In recent years, the Indian courts have practiced “micro-management” of functions which properly belong to the executive, including specifying which fuel should be used in public buses, how cities should be planned and run, whether or not certain books should be censored, and whether street food should be sold.
The executive and legislature resent and chafe at this. Indeed, a first-rate conflict is brewing between these arms of the state, and the courts. There is a move to demand judicial accountability through a National Judicial Council Bill, which would allow serious investigation of corruption and other misconduct on the part of judges.
However, the Bill remains mired in conflict. The judiciary wants the Council to be manned entirely by judges, to the exclusion of members of the government, and equally important, of civil society. The executive does not.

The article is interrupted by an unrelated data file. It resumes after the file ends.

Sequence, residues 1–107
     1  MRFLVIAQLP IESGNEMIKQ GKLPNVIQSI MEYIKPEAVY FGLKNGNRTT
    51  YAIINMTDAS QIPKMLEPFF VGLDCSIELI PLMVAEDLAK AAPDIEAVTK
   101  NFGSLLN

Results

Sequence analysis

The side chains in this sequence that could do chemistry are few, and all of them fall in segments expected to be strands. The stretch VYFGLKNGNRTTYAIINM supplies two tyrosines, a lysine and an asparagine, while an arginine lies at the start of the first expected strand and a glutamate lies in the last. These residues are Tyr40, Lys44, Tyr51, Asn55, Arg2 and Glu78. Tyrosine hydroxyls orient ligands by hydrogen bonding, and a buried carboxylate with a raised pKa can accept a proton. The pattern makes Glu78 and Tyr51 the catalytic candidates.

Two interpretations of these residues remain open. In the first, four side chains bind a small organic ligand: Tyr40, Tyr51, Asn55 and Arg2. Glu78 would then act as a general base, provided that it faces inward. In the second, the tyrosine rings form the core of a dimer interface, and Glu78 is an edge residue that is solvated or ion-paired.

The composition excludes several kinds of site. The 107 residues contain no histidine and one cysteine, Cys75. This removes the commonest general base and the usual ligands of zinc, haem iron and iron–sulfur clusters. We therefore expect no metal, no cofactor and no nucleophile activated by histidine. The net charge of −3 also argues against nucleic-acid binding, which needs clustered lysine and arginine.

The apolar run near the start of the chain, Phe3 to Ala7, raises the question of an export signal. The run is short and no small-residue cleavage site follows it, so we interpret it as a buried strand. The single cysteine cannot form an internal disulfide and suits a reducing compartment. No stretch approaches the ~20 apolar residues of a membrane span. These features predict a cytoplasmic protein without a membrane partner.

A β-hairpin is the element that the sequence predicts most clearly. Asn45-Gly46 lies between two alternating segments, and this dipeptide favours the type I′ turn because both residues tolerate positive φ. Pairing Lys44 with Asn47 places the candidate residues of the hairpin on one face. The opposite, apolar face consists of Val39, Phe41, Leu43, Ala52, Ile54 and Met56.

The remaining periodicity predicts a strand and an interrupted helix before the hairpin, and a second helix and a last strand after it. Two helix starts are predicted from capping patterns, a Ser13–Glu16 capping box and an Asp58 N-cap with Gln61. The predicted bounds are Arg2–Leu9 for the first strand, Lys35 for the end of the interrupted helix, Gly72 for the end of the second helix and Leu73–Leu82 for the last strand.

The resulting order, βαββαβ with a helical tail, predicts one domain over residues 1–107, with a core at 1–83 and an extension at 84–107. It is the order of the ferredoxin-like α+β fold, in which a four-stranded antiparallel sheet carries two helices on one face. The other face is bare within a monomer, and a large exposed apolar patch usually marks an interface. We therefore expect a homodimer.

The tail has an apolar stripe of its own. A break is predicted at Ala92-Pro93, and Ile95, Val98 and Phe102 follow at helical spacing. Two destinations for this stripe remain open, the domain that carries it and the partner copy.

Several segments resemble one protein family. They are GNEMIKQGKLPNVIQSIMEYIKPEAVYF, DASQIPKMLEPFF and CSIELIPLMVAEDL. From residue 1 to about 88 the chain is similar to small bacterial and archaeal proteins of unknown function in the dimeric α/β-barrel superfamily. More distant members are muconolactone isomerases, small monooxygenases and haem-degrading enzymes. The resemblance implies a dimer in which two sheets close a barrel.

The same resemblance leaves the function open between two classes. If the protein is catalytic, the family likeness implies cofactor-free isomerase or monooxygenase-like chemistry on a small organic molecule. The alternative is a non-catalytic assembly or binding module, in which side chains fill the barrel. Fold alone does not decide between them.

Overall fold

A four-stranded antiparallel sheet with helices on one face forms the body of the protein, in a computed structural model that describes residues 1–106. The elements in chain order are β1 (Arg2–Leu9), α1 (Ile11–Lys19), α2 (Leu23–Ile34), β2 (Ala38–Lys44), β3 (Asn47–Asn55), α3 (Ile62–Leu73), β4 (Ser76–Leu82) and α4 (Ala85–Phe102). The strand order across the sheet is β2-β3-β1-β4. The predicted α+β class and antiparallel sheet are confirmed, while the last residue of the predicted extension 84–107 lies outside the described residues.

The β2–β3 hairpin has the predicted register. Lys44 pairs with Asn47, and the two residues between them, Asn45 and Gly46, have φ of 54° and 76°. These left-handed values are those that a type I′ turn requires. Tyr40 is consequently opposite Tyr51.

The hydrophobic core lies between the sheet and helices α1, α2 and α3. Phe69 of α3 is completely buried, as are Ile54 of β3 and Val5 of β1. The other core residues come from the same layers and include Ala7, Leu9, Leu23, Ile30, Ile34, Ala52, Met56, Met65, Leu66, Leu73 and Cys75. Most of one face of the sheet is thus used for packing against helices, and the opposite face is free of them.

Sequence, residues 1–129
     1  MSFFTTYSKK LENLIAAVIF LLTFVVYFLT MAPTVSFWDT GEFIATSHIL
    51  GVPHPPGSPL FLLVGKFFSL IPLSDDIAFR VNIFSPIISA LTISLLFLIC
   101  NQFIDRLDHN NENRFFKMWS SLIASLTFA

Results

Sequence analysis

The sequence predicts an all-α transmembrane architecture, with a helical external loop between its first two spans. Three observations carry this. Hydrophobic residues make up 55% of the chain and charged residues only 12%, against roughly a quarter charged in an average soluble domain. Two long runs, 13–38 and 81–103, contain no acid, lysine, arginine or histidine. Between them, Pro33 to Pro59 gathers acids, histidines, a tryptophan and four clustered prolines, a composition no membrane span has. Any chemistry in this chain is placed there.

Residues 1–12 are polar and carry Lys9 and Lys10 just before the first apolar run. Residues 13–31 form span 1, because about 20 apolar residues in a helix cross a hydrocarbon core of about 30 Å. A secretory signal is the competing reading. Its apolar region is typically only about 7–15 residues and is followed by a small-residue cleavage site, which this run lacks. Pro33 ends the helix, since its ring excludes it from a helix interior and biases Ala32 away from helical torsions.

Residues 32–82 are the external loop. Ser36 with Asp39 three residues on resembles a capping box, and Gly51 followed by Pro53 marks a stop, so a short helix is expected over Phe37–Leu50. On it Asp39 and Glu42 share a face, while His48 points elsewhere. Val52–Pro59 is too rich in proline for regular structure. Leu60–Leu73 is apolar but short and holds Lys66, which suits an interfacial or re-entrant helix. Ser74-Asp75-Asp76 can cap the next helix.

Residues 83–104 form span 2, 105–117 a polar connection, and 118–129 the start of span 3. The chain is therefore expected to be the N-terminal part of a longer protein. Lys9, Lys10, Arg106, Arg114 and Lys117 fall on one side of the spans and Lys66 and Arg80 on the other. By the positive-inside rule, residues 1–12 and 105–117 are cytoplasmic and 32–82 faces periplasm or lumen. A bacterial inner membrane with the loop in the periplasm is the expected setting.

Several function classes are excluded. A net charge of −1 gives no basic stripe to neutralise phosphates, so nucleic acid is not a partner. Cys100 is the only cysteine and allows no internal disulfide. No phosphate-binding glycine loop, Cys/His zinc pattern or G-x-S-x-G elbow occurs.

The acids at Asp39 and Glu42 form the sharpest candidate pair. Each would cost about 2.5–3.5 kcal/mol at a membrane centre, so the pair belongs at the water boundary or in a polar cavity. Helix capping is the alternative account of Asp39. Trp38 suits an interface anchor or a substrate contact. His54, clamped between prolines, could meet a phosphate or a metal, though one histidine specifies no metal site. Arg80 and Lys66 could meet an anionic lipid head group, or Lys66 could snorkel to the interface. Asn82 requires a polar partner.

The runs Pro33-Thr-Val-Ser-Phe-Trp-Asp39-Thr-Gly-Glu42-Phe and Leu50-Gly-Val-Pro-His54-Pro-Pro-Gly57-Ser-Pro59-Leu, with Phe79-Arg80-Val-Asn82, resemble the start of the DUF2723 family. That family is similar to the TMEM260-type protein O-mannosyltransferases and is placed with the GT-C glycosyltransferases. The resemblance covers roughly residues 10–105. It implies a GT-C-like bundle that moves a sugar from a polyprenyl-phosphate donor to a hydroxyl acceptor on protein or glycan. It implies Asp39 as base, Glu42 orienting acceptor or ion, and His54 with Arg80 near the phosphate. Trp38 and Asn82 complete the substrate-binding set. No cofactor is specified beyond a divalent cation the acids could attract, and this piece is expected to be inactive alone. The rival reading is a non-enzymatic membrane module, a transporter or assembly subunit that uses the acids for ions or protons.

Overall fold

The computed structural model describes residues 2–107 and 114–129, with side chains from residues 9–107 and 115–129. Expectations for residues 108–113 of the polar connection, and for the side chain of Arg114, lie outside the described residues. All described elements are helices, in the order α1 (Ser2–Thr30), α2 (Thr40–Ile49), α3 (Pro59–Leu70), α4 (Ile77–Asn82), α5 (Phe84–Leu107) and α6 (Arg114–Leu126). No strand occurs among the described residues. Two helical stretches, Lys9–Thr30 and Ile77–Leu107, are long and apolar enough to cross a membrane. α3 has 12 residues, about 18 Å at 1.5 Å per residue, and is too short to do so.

“There are no easy solutions to the problem of making judges accountable,” argues Baxi. “But some interim partial measures can be tried. One is to appoint judicial ombudsmen from two highly-regarded statutory bodies, the Election Commission and Comptroller and Auditor General (CAG) of India. Nothing prevents the CAG from initiating an independent review of the performance of the judiciary. The CAG could produce highly credible and objective reports and help kick start a process of promoting transparency and accountability.”
It is unclear if India’s executive and Parliament are willing to initiate such an exercise. But observers say that unless corrective steps are taken, the judiciary will continue to defy democratic accountability and intrude into areas outside its domain, even while corruption and denial of justice remain the order of the day.